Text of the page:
Mankind must tackle climate change. The sun and moon's gravitational forces produce tidal energy which is completely free, just like the wind. We need to reduce our reliance on fossil fuels through better and more efficient uses of energy. At the moment, The SeaGen project in Northern Ireland is the largest grid connected tidal turbine in the world.
MeyGen is to install the tidal array in stages in the Pentland Firth, between Orkney and the Scottish mainland. With careful planning the project will harness Scotland's huge wave and tidal energy to help cut climate emissions, while safeguarding the nation's tremendous marine environment.
Work will begin with a 9MW demonstration project of up to six turbines, with construction expected to take place on a phased basis until 2020. When fully operational, the 86MW array could generate enough electricity to power the equivalent of 42,000 homes or 40% of the homes in the Highland.
Cornwall? That's interesting. I've written nine novels set in Cornwall, five futuristic and four taking place in the present ... Add to that, one draft of how the world flooded. Six of the novels are already published. Of course, the one that springs to mind is the recently released novel Tidal Surge, which you'll see on the right. This ties in beautifully with the news today about tidal power.
Everyone has little voices inside their head. Some give advice for using a wise course of action, and others try to tempt us to do the wrong thing. From the bible, we learn that even Jesus told the devil to get behind him. These voices can be as powerful as the surge of the tide. In this novel, Mother and daughter battle during visions over good and evil thoughts, neither knowing who they are confronting. The main character in the novel, Liliha, sinks into visions where she sees through her contact's eyes and whispers advice.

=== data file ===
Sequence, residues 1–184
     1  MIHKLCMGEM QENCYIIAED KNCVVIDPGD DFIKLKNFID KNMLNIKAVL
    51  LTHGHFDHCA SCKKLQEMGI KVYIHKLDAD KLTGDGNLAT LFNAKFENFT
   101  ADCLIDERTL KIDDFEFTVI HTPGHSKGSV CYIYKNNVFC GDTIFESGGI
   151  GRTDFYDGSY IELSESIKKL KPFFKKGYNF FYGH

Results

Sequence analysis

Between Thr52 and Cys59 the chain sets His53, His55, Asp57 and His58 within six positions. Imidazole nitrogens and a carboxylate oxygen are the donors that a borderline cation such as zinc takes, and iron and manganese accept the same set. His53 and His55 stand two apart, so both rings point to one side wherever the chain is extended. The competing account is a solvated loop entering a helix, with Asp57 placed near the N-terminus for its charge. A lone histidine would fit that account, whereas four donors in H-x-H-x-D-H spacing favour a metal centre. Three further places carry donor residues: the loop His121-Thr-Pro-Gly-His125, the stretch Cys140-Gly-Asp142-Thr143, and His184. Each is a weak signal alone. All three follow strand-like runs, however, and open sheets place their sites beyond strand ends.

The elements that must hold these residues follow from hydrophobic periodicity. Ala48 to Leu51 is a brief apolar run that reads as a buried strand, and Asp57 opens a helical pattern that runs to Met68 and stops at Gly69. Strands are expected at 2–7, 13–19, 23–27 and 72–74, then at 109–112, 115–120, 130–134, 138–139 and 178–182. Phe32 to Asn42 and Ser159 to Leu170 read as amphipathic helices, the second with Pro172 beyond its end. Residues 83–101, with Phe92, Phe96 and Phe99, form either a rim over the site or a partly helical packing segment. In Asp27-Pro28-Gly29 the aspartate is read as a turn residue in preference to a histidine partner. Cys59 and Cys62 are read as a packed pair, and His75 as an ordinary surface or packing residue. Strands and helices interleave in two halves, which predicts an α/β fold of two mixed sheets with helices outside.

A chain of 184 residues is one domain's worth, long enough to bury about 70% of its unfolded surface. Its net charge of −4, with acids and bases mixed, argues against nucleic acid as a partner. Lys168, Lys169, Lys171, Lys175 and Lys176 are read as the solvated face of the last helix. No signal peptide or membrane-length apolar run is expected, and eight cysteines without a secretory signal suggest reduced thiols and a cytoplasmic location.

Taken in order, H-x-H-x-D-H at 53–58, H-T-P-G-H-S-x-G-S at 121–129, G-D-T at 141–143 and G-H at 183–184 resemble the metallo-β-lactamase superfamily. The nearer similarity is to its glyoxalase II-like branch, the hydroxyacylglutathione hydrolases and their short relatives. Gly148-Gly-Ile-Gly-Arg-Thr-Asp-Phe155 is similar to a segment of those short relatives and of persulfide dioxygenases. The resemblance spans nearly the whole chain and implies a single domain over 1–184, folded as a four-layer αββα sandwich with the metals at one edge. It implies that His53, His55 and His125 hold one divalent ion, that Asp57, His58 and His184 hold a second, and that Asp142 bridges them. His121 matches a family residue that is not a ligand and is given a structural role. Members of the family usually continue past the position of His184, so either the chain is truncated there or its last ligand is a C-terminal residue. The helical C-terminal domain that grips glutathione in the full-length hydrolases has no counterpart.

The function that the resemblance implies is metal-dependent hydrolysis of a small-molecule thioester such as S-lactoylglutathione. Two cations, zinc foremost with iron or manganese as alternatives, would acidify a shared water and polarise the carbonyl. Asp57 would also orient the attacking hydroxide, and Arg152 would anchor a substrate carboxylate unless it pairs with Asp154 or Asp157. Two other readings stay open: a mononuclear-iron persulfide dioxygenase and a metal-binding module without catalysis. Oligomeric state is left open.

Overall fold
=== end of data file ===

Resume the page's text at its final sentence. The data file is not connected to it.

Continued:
Here's an excerpt from the novel:
* * * *
Relief flooded Liliha at helping someone through a difficult situation—her customary role restored. She regained awareness on the sofa next to Oliver.
"Are you okay?" Oliver's forehead furrowed with concern.
She nodded. "I helped a family escape a tidal surge. Did you bring me here?"
"Yes." He grasped her shoulder. "I want to protect you."
"It's all right. The vision was a normal one." The tenderness in his expression made her swallow. "Darling, I've been thinking about what's occurring."
Oliver frowned and the skin over his jaw tightened. "What's that?"
"Perhaps the person I help needs a difficult situation to trigger greater effort." She paused. "In the last vision, I was with Colleen. She was frightened of heights. The poor woman had to overcome that fear and let rescuers winch her up on a flimsy rope into a helicopter. She wouldn't have made the effort without her family's safety at risk."
"I see what you mean. We'd probably never push ourselves out of our comfort zone unless we had to. I wouldn't."
"Yes. That's it exactly."
Oliver gave a faint sigh and gazed into her eyes. "You've always said the human soul is powerful. You should believe in your ability to help people through whatever comes." He took her hand and stroked her fingers. "You're not blocking anything. You're strong, and wise ... and good."
He understood—he believed in her. Reaching out, Liliha slid her fingers down his cheek. "You're very precious to me."
"I love you too." He leant back on the cushions, staring through the studio window in the fading light.
Assessing the ring again, she held onto the hope that she could handle whatever occurred.